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wow gold Cultivator an apple fan to the core

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Dołączył: 09 Maj 2014
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PostWysłany: Wto Maj 13, 2014 03:09    Temat postu: wow gold Cultivator an apple fan to the core Odpowiedz z cytatem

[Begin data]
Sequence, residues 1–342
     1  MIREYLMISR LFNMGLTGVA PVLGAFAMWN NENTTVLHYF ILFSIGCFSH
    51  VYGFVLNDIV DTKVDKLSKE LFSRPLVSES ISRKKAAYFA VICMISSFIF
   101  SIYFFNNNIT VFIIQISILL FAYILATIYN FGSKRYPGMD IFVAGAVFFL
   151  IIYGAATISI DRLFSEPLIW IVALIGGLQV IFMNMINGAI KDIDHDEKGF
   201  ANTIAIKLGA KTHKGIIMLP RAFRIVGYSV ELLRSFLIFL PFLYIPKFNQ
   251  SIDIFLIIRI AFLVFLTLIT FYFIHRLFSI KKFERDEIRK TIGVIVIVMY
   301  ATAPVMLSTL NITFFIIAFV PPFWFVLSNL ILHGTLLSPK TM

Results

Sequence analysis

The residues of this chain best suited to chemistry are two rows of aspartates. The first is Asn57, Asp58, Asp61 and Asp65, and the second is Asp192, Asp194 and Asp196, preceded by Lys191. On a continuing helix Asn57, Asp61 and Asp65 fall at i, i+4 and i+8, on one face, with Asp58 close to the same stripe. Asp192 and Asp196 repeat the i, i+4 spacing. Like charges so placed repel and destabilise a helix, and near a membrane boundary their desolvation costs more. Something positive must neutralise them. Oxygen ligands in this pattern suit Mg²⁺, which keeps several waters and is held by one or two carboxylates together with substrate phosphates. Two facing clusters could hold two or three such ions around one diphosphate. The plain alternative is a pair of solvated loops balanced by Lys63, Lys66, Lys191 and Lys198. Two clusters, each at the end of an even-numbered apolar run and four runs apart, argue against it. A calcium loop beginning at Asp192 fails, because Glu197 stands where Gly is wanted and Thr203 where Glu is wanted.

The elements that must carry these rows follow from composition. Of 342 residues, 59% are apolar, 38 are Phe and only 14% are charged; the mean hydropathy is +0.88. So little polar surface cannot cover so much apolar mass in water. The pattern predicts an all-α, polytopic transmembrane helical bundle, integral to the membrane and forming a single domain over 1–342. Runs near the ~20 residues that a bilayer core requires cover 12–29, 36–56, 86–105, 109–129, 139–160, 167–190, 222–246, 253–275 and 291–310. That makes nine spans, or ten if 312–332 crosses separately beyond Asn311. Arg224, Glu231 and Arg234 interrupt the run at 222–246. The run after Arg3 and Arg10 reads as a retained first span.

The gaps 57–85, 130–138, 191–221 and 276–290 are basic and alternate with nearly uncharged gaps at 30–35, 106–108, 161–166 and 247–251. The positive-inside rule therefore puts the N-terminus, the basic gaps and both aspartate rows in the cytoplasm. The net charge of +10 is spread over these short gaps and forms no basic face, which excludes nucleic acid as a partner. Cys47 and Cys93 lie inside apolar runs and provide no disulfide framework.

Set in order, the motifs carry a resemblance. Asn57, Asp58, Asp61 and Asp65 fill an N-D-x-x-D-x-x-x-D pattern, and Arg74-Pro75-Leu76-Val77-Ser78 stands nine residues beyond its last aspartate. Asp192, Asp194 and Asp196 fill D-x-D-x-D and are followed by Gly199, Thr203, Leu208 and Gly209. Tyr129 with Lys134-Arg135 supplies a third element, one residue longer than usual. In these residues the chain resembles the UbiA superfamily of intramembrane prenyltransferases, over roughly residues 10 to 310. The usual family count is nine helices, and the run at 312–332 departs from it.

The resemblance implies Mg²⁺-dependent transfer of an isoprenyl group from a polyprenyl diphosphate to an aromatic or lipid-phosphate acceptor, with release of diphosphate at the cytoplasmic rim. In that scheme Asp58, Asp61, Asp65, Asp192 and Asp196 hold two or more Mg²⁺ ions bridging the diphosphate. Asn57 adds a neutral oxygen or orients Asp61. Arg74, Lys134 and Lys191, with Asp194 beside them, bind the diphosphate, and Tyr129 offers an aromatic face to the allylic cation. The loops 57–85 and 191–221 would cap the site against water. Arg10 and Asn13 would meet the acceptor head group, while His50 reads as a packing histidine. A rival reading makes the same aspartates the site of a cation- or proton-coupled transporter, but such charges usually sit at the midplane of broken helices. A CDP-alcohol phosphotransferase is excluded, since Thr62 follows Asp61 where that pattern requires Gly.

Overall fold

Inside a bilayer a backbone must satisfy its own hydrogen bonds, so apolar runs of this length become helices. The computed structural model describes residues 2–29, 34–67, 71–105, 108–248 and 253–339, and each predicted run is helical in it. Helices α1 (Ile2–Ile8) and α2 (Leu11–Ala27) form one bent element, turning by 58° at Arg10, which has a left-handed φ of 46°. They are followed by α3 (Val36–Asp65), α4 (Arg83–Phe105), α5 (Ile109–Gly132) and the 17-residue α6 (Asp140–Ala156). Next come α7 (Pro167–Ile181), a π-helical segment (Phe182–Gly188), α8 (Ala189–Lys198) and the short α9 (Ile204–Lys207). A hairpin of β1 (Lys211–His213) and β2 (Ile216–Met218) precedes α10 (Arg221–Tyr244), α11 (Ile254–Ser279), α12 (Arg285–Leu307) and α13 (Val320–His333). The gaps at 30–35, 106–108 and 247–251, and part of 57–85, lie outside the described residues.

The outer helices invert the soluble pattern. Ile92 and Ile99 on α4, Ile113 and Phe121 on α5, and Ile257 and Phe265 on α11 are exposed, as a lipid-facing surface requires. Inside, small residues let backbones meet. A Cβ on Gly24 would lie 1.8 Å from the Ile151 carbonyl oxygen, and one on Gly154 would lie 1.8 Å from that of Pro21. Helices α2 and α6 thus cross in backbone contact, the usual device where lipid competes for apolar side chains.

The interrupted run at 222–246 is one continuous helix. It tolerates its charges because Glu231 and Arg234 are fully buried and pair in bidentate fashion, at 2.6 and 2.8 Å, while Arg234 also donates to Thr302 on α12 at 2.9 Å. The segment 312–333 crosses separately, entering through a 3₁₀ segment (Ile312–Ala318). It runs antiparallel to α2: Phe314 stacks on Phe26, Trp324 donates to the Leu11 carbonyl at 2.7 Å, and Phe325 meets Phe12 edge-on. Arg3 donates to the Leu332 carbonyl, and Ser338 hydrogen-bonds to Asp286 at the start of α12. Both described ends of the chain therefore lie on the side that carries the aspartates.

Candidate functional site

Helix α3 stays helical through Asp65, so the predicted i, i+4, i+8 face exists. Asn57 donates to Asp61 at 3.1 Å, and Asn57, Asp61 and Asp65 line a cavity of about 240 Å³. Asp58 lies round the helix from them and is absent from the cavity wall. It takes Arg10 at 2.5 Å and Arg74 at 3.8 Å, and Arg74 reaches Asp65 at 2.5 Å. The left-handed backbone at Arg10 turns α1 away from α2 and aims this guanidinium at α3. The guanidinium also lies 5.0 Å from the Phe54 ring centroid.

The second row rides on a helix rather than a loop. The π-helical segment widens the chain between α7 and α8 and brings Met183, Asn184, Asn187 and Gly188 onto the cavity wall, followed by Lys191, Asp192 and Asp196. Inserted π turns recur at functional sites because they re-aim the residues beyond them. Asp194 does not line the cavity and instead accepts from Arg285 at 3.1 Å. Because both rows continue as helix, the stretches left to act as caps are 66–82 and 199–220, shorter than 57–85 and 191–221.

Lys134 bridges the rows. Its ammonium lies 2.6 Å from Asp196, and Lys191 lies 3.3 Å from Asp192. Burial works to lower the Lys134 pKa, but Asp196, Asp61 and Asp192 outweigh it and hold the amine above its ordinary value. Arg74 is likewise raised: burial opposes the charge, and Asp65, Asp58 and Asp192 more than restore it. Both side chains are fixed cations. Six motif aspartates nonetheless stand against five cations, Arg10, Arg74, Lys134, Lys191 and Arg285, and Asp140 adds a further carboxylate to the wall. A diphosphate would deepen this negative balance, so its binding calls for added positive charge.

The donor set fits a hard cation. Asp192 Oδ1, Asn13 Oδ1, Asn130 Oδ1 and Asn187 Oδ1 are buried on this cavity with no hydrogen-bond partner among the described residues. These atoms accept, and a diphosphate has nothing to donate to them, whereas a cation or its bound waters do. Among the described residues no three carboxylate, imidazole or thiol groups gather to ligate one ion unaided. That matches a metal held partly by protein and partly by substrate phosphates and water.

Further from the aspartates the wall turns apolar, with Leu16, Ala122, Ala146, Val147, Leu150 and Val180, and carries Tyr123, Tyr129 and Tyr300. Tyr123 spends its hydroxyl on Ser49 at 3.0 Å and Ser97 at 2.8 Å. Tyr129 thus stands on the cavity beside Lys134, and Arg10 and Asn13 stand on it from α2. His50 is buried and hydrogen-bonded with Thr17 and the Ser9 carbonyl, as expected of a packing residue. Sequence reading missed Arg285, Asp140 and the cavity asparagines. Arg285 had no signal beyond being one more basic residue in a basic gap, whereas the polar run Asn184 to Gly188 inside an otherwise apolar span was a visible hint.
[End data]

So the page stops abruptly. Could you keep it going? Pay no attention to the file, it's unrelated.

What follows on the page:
Cultivator an apple fan to the coreIf an apple a day keeps the doctor away, consider Axel Kratel a man on his way to immortality. A member of the California Rare Fruit Growers , Kratel cultivates 800 varieties in the Santa Cruz Mountains. If he's in the mood for "hints of banana," he reaches for the sweet, substantial 'My Jewel.' If it's a note of strawberry he's after, the marbled flesh 'Pink Pearl' fills the bill. And when he's looking for spiciness, the anise-flavored 'Priscilla' is his pick. On sloping orchard terrain in the backyard of his 3/4-acre home in the gated Pasatiempo Golf Club , established apple trees, some with up to 20 grafts, are dense with green leaves and ripening fruit while their younger neighbors are starting to lose their color and defoliating. Thanks to cold winters and mild summers, Kratel's orchard produces apples 10 months out of the year, some a little larger than a golf ball, others as big as a grapefruit. Unlike their waxed and polished supermarket cousins, they sport spots, stripes, russeting and colors that range from yellow to deep burgundy. During the peak of harvest in the middle of September, orchard yields surpassed 400 pounds. "Most people think that apples ripen only in the fall," he says. "But in our orchard, apple season starts in late May with the first summer variety that ripens then and goes all the way into early February." All varieties welcome While unquestionably a connoisseur of apples - he eats three to five a day - Kratel's no snob and somewhat of an equal-opportunity collector. "I have mostly unpatented varieties. Some are from modern breeding programs, some are as old as 1200 A.D., and many are chance seedlings that someone found and propagated." Over time and with a little help from friends, varieties have just accumulated. "When I trade scion wood, people send me things I didn't ask for but I graft them anyway - a variety shows up and gets grafted on a branch somewhere in the orchard." He no longer keeps inventory but is "slowly" documenting some apple information on Cloud Forest Cafe ( ), his gardening social network. Started as a garden forum in 1998, it now highlights discussion, features and a Facebook-like profile/news-feed page with friends. About 15 varieties account for 90 percent of apples grown commercially in the United States, yet there are about 7,500 known apple varieties grown worldwide. Kratel says there's an apple tree that will thrive just about anywhere in the Bay Area. Three factors gardeners should consider: the amount of winter chill (hours below 45 degrees needed to set fruit), pollination requirements and taste. "Pettingill is low chill so it grows statewide," says Kratel. "It is an excellent choice for San Francisco, and it truly makes the most delightful, best-flavored apple pie I have ever eaten. <a href=" of Warcraft - EU.wow_eu.Gold.Info.aspx">wow gold</a> " Wearing rimless eyeglasses, Kratel could pass for a high-school science teacher were it not for the chiseled limbs nearly bursting from his own trunk. A physicist for high-tech company Kaazing Corp. in Mountain View, his interests branch in many directions, but at his core, Kratel is a self-described "plant man" - a sucker for things that climb, leaf and fruit. Known for his passion for the obscure, he's an expert on lost crops of the Incas. Crops of the Andes - cherimoya, white sapote and others originating in the high elevations of Peru and neighboring countries - are established in his backyard. But the plant doesn't need to be exotic to capture Kratel's attention, just throw some good flavor his way and he'll bite. "Just because it's an apple, it doesn't have to be boring," he says. The family orchard Of German origin, Kratel, 46, grew up in the countryside on the outskirts of Geneva, where his family maintained an orchard that included apples such as 'Belle De Boskoop, ' Berner Rosen ' and 'Transparente de Croncels.' At age 14, a non-English-speaking Kratel, who today bears no trace of accent, moved with his family to Santa Barbara. During graduate school at the California Institute of Technology in Pasadena, his dormant agriculture roots got a wake-up call when he purchased a passion fruit vine and planted it in his yard. It started fruiting and Kratel and a school chum "chowed down" with delight. From that point it was a "gradual thing to rekindle my interest in gardening with vines, tomatoes, bananas. I started to branch out. <a href=" of Warcraft - EU.wow_eu.Gold.Info.aspx">wow gold</a> " After Caltech, where he received his doctorate following completion of his thesis on decontaminating water in Superfund sites by applying plasma physics, Kratel moved to Half Moon Bay. There he attempted to grow subtropicals - fruit preferring mild climates that can take some frost. Kratel found that while subtropicals produced decent crops, neither the yields nor the flavors were anything special. "The fog chased us out," he says. In resignation he accepted that in particular, the super exotics such as longans, lychee and mango are not well adapted to their non-native climate and that they have limited appeal for most gardeners for a reason. "None of these things work here - it is just too cold." Kratel planted his first tree, a Jonagold/Mutsu just for kicks. When the fruit matured, he picked one to sample and found the flavor "jaw dropping." A few years later a friend gave him a book on German apples and sealed his fate. "I looked up the varieties online and started to track them down," Kratel says. "I was pleasantly surprised to find that pretty much all of them were available in the form of scion wood. Some could even be ordered as trees from various nurseries." These days, he considers 'Jonagolds' average and finds those with complexity and tartness "far more interesting." A yard of plenty His deeply recessed backyard is reached by steps framed by lush foliage that includes papayas, an ice cream bean, allspice, citrus and pineapple guavas. On site are 60 grafted apple trees; 30 stone fruit trees, four cherimoya, 15 white sapote, 12 kinds of avocados, mulberries, passion fruit, four chickens, two cats and a rescued German shepherd named Inga. His most recent addition - and the "apple of his eye" - is Lucas, a lively 8-month-old crawler with a perpetual, open-mouthed grin. Mom Michelle Kratel is an information technologist in Silicon Valley. Before meeting him, her exposure to gardening was limited. Now she's in the thick of it with the arrival of the electric crusher the couple rents each year. A batch of cider could include 30 varieties of apples that produce a fragrant mix with a smooth finish. There's a chest freezer in the basement room converted for storing apples and a bladder press for juice extraction. And the busy couple will cook apples when they can find the bandwidth. Michelle jokes still about an early period of their courtship when Axel arrived bearing a gift of fresh passion fruit in a sack that he set on the kitchen counter. Where it stayed - and stayed. The fruit, past its prime, became an insect magnet. These days, the Kratel home is on the map for fellow gardening enthusiasts from his horticulture networks who throughout the year are invited to potluck, glean harvests and help with projects that extend the fruit season. An adept communicator, Kratel is eager to share his horticultural knowledge with gardening colleagues or the public on stages small and large. When his horticulture explanations start getting technical, he is quick to acknowledge it and simplifies. At CRFG meetings and other events where hobbyists cross paths, he's usually spotted in the parking lot holding court on some facet of cultivation. He gave a presentation, "Heirloom Cider and Eating Apples," during the summer at the National Heirloom Exposition in Santa Rosa. "When Axel focuses on something, he becomes an expert," says Katie Wong, a state officer with the California Rare Fruit Growers. Yet the expert is no stranger to stepping back. During the seven years he's been building up his orchard, he's learned some apples just don't do very well. "You can't get too attached ... I'm going to bring the collection down." Growing apples Apples do best in climates with considerable cold and moderate summer temperatures. Unless they are "low-chill" varieties, most apples need 1,200 to 1,500 chill hours (the number of hours at temperatures below 45 degrees) to set fruit. Apples also need summer warmth to sweeten and, in many instances, cross-pollination to bear fruit. In most cases planting two varieties is recommended. Cultivation Apples can be grown in the ground or, if you select semi-dwarf root stock, pots. Good drainage is key to the success of apple trees. Avoid low-lying areas where water settles after rain or irrigation. Trees should be planted during their dormant period, January through March. Mettais, and Frequin Rouge, Gravenstein, Reine de Reinettes, Cooking: Belle de Boskoop, Bramley's Seedling, Pettingill, Gravenstein, Kirchwarder, Liberty Pests While codling moth has long been a pest of apples, recently the Japanese fruit fly (spotted wing drosophila, formerly known as the cherry vinegar fly), whose worm can eat away at young fruit, has taken over. Resources Apple trees can be ordered now through January for winter planting. Starts from Axel Kratel's virus-free apple varieties are available at the winter scion exchanges of the California Rare Fruit Growers (go to for event dates). Trees from his collection were acquired from: Tierra Madre Farm , Santa Cruz; (831) 252-0487. <a href=" of Warcraft - EU.wow_eu.Gold.Info.aspx">wow gold</a> . Trees of Antiquity , 20 Wellsona Road, Paso Robles; (805) 467-9909. Cummins Nursery , 1408 Trumansburg Road, Ithaca, N.Y.; (607) 592-2801; Learn more Apples and Pears: Calendar of Operations for Home Gardeners: Publication No. 7258, University of California Agriculture and Natural Resources, three pages, download at anrcatalog.ucdavis. edu Home Orchard: Growing Your Own Deciduous Fruit and Nut Trees: Publication No. 3485 by Chuck A. Ingels, Pamela M. Geisel and Maxwell V. Norton. 2007, 202 pages. $25, order at (800) 994-8849. xboter 2014